Planet Reddit

Reddit Back In The Red: Site To Give 10% Of Ad Revenue To Charity

Trolls aren't allowed to decide who gets the money.

Making money is cool. (Getty)

Making money is cool. (Getty)

On Friday, Reddit made an announcement that it would be donating ten percent of its 2014 ad revenue to charity.

According to a blog post by Reddit CEO Yishan Wong, Reddit will calculate its ad revenue at the end of the year, and then let Redditors nominate and vote on the non-profits they’d most like to support. Once the community has determined its top ten non-profits — and yes, Reddit reserves the right to ignore all suggestions from trolls, the post says — the site will distribute the funds proportionally among the winning charities, based on how many votes each one received.

The plan is an indication that Reddit, which has never turned a profit, is coming closer to breaking even.

Mr. Wong wrote in the comments section of the blog post:

“We’re getting closer to closing the gap. Yes, doing this will widen the gap again but people are right: we think this is good for non-profits AND we are working to increase ad revenue by more than 11.1% anyhow.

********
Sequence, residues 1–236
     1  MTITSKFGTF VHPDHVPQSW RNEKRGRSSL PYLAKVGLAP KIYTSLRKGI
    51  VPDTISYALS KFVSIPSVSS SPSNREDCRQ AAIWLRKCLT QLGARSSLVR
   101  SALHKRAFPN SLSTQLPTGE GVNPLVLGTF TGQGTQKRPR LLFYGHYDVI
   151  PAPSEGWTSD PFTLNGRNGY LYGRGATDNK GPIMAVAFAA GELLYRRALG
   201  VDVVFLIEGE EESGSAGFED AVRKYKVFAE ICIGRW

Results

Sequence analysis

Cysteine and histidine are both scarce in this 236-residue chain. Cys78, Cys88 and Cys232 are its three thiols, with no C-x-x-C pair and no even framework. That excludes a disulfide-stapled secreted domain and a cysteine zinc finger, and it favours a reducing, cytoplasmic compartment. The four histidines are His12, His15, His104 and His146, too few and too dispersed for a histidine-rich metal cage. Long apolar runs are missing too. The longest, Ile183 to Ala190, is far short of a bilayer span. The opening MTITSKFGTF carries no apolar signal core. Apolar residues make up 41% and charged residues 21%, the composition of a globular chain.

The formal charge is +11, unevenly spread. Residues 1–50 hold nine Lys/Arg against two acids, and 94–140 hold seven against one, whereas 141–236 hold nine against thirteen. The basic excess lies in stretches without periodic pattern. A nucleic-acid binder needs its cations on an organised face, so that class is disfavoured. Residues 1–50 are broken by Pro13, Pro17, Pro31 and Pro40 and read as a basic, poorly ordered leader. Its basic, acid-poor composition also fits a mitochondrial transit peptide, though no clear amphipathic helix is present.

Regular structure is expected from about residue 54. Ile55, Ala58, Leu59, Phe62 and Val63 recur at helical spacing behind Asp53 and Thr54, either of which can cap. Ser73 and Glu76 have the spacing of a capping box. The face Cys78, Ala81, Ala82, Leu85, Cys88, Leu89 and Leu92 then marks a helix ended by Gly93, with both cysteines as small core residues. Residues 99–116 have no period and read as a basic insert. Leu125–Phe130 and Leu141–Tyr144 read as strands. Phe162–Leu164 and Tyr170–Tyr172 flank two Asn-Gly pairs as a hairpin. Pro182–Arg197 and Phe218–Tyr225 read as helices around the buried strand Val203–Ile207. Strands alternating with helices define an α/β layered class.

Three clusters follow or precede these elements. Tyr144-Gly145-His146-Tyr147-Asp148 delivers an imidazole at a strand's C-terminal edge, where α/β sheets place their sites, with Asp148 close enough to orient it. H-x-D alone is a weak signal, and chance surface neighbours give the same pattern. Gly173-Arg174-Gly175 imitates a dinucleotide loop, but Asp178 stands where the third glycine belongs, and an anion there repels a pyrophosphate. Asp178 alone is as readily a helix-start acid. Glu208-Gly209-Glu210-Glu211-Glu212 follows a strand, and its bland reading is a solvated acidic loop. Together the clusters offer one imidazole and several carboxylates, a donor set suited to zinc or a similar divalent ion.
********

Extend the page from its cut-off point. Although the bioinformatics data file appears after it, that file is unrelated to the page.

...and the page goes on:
So it’s less about a numbers game as it is trying to align things even more between ads and the will of the community, because we want to have the right business model.”

Though the initiative is undoubtedly really nice, we suspect it also serves the purpose of dealing with Redditors’ widespread dislike of the site’s ads. Very basically, many Redditors say they use ad blocking software, which can greatly decrease a site’s ad revenue. But are you really going to use an ad blocker if you know you’re potentially decreasing the amount of money that’ll be sent to a charity? 

“We want to show that advertising doesn’t just support the reddit platform, it also directly supports the causes and goals of reddit as a whole,” Mr. Wong wrote in the blog post. 

Whatever the case, giving to charity is always nice. A Reddit spokesperson wouldn’t give us a prediction of 2014′s total ad revenue, but he seemed certain that the ten percent would amount to something worthwhile.

“We’ll just have to wait till the end of the year to find out,” he told Betabeat in an email. “We know it’ll be enough to make a difference for the charities that reddit users select, but beyond that we just don’t know yet.”

Follow Jordyn Taylor on Twitter or via RSS. jtaylor@observer.com